Ex­plo­sive drama

Fresh from the dragons and zom­bies of Wes­teros, Kit Har­ing­ton has turned the Gun­pow­der Plot into a ma­jor BBC se­ries. Why now? And what can Guy Fawkes teach us about ter­ror­ism to­day, asks Sally Wil­liams

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Kit Har­ing­ton ditches Jon Snow to bring the Gun­pow­der Plot to our screens. By Sally Wil­liams

When Kit Har­ing­ton was a school­boy in Mart­ley, Worces­ter, in the late ’90s, he liked to tell friends the truth about Bon­fire Night. It wasn’t Guy Fawkes, he’d say, who was the brains be­hind the Gun­pow­der Plot of 1605. It was a de­vout Catholic from War­wick­shire called Robert Catesby. He was the one who de­vised the plan to blow up Par­lia­ment, wipe out King James I and, in so do­ing, the rul­ing Protes­tant elite. Guy Fawkes was just one of the plot­ters.

The ques­tion of why Fawkes is etched into the mythol­ogy of 5 Novem­ber, and not Robert Catesby, is a per­sonal one for Har­ing­ton: he is a dis­tant rel­a­tive. ‘My mid­dle name is Catesby and it’s some­thing I was proud of,’ he says. ‘It’s a part of my fam­ily his­tory.’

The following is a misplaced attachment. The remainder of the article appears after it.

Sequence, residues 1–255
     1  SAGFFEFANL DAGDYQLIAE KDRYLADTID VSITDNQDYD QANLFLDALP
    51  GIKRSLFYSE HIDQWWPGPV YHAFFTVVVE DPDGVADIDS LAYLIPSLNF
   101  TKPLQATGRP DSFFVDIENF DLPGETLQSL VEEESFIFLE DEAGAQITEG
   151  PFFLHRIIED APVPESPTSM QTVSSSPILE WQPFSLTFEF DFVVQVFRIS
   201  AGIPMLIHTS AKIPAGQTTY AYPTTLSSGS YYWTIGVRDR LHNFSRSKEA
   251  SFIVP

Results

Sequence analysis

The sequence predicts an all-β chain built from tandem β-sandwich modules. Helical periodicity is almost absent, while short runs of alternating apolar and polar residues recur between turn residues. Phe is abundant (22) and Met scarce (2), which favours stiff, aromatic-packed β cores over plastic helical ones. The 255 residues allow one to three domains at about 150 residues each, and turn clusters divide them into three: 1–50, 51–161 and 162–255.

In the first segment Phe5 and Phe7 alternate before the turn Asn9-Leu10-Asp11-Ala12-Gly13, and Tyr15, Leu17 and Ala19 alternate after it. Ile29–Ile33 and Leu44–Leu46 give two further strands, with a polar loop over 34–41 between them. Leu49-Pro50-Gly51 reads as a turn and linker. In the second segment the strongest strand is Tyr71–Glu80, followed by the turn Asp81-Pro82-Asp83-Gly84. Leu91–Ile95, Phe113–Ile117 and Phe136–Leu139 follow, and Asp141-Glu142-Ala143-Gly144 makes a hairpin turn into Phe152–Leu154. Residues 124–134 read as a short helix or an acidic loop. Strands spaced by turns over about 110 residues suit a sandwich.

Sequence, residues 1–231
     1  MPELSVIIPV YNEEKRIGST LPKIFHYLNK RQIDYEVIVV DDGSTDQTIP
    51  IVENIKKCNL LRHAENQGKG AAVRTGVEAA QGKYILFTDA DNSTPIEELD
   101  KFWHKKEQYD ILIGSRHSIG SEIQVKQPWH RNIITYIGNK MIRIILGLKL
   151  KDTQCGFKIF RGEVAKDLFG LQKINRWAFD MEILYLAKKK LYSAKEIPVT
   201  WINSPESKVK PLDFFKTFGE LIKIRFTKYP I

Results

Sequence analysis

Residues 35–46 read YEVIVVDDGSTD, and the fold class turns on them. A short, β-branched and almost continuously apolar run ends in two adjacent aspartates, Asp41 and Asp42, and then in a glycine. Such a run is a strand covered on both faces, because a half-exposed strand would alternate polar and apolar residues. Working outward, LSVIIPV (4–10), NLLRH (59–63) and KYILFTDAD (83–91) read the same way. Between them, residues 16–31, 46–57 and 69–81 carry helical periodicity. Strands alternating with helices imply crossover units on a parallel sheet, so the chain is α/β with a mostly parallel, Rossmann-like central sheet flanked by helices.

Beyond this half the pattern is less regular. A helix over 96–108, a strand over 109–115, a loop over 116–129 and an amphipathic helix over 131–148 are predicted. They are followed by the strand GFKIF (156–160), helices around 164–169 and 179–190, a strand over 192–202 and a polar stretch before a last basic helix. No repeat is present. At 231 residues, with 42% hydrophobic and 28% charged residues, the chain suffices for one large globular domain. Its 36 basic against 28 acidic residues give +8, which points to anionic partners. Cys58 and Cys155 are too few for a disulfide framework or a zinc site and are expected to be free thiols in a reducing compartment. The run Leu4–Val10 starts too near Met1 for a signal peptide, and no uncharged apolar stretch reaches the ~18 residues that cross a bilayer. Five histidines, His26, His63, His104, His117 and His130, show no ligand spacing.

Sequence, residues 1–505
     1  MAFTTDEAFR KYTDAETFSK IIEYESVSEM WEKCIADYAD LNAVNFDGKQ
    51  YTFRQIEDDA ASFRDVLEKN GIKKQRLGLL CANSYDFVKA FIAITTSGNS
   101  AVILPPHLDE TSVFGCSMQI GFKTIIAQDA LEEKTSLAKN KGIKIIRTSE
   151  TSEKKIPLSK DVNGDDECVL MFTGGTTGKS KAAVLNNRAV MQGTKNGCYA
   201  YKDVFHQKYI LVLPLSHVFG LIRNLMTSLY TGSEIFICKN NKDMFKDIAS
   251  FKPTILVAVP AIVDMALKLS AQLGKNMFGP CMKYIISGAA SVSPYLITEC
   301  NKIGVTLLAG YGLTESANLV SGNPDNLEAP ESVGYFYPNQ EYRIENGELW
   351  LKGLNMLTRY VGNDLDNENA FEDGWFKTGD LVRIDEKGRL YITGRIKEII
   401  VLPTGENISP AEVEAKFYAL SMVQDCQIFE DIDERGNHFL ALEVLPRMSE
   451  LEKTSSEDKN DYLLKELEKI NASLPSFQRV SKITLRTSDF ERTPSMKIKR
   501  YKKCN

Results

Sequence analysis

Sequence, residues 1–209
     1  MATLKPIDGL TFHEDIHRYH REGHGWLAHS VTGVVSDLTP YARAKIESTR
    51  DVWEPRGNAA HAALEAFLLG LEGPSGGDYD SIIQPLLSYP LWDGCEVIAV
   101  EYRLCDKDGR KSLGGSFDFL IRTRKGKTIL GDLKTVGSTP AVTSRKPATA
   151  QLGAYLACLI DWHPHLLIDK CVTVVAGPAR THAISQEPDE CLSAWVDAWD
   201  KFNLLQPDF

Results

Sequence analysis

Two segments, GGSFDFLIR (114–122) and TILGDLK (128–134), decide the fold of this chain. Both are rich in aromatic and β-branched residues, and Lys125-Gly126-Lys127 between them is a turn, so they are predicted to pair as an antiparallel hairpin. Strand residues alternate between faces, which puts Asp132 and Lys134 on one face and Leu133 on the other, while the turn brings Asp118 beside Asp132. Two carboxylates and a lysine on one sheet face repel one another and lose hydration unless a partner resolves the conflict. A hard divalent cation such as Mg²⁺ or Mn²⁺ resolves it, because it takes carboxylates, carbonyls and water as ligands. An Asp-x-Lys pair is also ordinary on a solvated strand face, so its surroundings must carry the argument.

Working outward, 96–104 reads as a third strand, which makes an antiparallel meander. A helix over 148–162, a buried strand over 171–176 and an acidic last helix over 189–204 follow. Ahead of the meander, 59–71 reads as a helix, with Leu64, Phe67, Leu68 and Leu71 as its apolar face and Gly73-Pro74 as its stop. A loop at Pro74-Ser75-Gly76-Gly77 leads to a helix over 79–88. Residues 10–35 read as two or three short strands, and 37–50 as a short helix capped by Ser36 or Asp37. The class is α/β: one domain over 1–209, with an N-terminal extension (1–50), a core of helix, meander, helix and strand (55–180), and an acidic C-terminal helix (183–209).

Har­ing­ton went on to find fame as Jon Snow in the HBO se­ries Game of Thrones (where he also met fi­ancée Rose Les­lie; the cou­ple an­nounced their en­gage­ment last month). But he never for­got his rel­a­tive. And now, more than 400 years af­ter his death, Har­ing­ton has, in his own way, led a cam­paign to en­sure that we don’t ei­ther.

Gun­pow­der is a three-part BBC One drama de­vel­oped by Har­ing­ton (he also plays Catesby), writ­ten by Ro­nan Ben­nett (the screen­writer and nov­el­ist best known for TV crime-drama se­ries Top Boy) and directed by J Blake­son ( The Dis­ap­pear­ance of Alice Creed). It tells the story be­hind the Gun­pow­der Plot from the point of view of the dis­af­fected Catholics. While Catesby is not ex­actly ac­corded glory (he was a ter­ror­ist; his group ‘ the al-qaeda of the 16th cen­tury’, ac­cord­ing to one com­men­ta­tor), the drama does make it clear how de­spi­ca­bly Catholics were treated in Eng­land in the early 1600s.